“Give them Grace or Give them Hell?” Matthew 16:13-20 THIS conversation at Caesarea Philippi is universally regarded as marking a new era in the life of Christ. His rejection by “His own” is now complete. Jerusalem, troubled at His birth, had been troubled once again when He suddenly came to His Temple, and began to … [Read more…]
A smooth rock is not one would use to fight a giant. A sharp or jagged rock would have been preferred but even that is not a great weapon. Instead, David, who is a weak warrior in his own right, not even a full-grown man yet, stands up against an impossible fight. This story is less about David and more about the power of God.
We spend so much time talking about the judgment of God when Jesus already has told us the verdict.
Tongue in cheek meant contempt – the feeling with which a person regards anything considered mean, vile, or worthless; disdain; scorn or the state of being despised; dishonor; disgrace.
So now there is no condemnation for those who belong to Christ Jesus. And because you belong to him, the power[a] of the life-giving Spirit has freed you from the power of sin that leads to death. The law of Moses was unable to save us because of the weakness of our sinful nature. So God did what the law could not do. He sent his own Son in a body like the bodies we sinners have. And in that body God declared an end to sin’s control over us by giving his Son as a sacrifice for our sins.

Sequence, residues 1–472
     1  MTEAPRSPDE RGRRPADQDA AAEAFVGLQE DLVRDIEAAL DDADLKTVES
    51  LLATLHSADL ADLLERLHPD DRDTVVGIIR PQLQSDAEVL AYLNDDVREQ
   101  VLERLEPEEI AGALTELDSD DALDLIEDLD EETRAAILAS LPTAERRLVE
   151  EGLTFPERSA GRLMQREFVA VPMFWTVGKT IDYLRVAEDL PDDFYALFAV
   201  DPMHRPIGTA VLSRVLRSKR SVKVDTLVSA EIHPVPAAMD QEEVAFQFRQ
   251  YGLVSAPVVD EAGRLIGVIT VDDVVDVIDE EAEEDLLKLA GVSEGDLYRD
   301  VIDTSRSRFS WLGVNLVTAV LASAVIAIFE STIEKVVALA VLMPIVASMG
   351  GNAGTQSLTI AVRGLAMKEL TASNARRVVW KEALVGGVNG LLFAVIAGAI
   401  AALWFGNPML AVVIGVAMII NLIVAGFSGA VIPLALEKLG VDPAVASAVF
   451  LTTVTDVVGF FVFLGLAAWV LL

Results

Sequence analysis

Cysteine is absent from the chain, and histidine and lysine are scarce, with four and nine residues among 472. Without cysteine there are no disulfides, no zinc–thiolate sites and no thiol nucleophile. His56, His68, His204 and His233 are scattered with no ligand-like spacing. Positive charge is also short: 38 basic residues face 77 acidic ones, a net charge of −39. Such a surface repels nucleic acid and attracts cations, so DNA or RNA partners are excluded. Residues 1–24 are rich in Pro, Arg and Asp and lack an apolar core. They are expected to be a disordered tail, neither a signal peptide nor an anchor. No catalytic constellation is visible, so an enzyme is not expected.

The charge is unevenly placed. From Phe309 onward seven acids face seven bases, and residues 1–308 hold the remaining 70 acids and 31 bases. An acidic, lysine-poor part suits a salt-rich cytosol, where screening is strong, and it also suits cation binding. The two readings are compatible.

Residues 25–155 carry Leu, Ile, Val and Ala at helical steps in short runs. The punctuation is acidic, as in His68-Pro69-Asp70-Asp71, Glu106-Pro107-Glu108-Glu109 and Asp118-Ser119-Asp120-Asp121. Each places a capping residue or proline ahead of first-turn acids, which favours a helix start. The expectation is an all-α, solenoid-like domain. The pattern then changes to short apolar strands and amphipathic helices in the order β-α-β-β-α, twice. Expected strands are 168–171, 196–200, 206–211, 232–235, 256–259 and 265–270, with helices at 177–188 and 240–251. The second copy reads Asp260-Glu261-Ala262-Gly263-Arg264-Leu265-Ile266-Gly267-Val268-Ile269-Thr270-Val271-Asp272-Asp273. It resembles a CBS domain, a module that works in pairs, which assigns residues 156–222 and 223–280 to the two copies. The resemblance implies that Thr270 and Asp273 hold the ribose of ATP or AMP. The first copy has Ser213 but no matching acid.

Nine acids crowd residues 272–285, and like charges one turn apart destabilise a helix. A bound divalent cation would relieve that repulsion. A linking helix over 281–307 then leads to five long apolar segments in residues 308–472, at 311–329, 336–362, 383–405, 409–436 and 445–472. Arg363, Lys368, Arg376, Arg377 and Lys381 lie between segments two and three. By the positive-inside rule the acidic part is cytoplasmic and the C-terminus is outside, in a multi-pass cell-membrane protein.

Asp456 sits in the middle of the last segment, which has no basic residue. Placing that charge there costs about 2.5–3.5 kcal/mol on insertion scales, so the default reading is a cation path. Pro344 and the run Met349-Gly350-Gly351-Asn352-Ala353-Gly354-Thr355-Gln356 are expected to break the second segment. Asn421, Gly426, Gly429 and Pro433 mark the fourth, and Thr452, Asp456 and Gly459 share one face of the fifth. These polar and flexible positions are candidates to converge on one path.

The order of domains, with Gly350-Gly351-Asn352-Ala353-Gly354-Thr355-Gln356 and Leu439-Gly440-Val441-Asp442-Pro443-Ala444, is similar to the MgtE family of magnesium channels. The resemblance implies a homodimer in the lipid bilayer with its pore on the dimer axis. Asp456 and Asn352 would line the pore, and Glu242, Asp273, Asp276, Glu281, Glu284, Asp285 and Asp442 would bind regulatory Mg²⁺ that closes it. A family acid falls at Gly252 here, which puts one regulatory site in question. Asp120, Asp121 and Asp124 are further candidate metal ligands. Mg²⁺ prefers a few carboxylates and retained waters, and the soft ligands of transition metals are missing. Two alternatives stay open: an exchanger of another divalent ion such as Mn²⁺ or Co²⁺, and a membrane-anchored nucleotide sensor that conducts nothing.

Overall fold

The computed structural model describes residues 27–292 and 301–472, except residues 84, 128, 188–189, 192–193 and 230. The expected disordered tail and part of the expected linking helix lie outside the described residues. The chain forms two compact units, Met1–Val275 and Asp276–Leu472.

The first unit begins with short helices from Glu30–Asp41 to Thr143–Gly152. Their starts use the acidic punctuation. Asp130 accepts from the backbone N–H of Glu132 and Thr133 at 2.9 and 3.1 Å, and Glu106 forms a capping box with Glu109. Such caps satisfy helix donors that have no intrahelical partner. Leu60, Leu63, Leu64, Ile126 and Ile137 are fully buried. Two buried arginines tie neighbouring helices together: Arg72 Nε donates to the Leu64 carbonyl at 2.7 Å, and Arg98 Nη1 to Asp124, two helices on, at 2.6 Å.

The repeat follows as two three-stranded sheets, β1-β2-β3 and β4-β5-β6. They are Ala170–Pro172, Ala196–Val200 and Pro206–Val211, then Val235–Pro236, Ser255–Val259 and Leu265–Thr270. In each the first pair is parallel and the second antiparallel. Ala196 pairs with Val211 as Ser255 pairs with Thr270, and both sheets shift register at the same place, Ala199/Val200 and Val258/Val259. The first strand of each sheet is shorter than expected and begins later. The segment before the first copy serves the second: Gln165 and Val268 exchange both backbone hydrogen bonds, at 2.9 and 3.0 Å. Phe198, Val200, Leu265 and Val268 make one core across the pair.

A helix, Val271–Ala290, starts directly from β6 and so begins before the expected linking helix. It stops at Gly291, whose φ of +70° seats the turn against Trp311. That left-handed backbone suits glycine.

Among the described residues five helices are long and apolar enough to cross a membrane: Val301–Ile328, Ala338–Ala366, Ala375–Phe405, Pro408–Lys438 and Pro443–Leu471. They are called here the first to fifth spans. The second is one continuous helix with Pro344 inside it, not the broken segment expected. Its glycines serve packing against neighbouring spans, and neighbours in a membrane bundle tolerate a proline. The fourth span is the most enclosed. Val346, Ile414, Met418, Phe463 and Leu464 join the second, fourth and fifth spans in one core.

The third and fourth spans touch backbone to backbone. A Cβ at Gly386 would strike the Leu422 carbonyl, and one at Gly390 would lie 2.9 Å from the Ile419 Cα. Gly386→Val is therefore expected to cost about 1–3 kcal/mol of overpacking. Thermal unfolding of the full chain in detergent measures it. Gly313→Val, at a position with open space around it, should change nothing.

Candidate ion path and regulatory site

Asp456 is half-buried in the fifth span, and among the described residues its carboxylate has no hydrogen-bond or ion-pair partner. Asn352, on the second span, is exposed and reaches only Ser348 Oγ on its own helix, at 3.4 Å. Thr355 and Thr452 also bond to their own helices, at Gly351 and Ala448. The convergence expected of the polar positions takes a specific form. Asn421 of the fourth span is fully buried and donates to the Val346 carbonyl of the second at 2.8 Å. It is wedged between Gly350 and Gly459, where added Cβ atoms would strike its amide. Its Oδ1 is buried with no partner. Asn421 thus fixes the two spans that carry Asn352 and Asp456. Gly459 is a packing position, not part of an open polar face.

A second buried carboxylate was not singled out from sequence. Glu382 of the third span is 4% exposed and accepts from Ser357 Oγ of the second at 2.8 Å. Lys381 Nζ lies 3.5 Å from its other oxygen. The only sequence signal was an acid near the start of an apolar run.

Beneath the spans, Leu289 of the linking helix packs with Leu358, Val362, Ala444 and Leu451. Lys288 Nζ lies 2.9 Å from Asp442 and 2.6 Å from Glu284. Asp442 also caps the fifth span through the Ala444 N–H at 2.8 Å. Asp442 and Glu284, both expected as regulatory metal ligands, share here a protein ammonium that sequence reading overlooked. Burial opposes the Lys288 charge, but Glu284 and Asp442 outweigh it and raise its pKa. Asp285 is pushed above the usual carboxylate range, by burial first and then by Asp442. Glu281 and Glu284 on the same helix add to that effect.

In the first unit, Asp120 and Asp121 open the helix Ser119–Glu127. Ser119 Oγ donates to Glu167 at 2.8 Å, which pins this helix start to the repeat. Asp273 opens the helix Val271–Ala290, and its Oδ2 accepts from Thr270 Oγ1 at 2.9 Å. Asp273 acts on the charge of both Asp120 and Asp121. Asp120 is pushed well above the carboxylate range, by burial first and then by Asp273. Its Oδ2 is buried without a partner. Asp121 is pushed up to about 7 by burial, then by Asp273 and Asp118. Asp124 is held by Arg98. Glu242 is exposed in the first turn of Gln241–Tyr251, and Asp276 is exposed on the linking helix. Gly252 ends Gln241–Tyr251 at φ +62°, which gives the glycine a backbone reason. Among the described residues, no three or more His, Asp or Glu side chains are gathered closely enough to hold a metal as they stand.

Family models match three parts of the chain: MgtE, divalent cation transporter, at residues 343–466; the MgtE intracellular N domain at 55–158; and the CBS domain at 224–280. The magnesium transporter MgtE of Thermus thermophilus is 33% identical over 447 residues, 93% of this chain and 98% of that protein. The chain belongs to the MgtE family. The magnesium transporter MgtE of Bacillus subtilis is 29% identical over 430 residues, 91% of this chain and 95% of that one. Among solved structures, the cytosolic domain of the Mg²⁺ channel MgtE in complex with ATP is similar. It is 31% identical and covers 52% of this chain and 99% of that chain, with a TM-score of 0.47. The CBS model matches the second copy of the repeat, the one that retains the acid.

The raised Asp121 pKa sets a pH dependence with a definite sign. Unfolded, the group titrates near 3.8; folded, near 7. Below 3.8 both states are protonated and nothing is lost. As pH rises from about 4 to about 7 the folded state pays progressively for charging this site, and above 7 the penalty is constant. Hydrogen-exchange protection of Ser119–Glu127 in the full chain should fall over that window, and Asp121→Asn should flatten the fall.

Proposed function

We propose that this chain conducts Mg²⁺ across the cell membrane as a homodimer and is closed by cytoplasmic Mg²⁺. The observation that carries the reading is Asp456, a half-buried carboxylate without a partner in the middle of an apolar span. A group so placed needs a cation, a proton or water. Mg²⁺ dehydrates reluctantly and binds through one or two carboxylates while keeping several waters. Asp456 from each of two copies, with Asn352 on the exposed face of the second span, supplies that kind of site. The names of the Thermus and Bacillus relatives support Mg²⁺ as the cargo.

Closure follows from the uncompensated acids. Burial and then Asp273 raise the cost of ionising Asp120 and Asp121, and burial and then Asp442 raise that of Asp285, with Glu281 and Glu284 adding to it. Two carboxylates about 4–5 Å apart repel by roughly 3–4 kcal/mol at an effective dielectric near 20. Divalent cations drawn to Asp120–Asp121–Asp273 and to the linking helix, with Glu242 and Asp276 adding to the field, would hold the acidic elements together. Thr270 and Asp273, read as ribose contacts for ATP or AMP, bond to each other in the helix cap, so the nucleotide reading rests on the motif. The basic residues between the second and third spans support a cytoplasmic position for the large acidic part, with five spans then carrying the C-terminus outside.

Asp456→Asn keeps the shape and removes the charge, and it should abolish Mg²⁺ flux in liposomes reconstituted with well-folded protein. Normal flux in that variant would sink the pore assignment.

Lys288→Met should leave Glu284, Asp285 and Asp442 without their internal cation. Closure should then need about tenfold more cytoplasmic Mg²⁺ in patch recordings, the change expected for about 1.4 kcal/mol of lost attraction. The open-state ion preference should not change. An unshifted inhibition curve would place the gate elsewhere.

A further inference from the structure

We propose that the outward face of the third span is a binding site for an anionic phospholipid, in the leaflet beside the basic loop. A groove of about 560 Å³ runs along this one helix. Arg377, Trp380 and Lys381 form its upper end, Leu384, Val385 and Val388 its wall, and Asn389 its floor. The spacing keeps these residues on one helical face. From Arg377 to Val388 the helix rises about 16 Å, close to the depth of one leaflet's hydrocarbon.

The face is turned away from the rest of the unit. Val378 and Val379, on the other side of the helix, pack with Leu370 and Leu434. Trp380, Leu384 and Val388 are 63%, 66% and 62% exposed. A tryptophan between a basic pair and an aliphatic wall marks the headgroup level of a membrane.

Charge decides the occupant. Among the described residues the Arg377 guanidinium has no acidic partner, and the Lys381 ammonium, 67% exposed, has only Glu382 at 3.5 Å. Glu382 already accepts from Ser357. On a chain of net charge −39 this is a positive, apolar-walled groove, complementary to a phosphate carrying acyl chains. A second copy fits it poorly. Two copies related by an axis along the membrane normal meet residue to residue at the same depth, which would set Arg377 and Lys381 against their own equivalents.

Before we talk about the water, we must familiarize ourselves with Jewish custom.
God is light; in him there is no darkness at all. If we claim to have fellowship with him and yet walk in the darkness, we lie and do not live out the truth. But if we walk in the light, as he is in the light, we have fellowship with one another, and the blood of Jesus, his Son, purifies us from all[ sin.
And after the earthquake a fire; but the Lord was not in the fire: and after the fire a still small voice. And it was so, when Elijah heard it, that he wrapped his face in his mantle, and went out, and stood in the entering in of the cave. And, behold, there came a voice unto him, and said, What doest thou here, Elijah?
Greek poets believed the bowels were the seat of more violent
passions, such as anger and love, but the Hebrews believed they were the seat of the tenderer affections, especially kindness, benevolence, and com-
passion, hence, the equivalent to our heart.
” Bear one another’s burdens, and in this way you will the law of Christ.” — Galatians 6:2 NRSV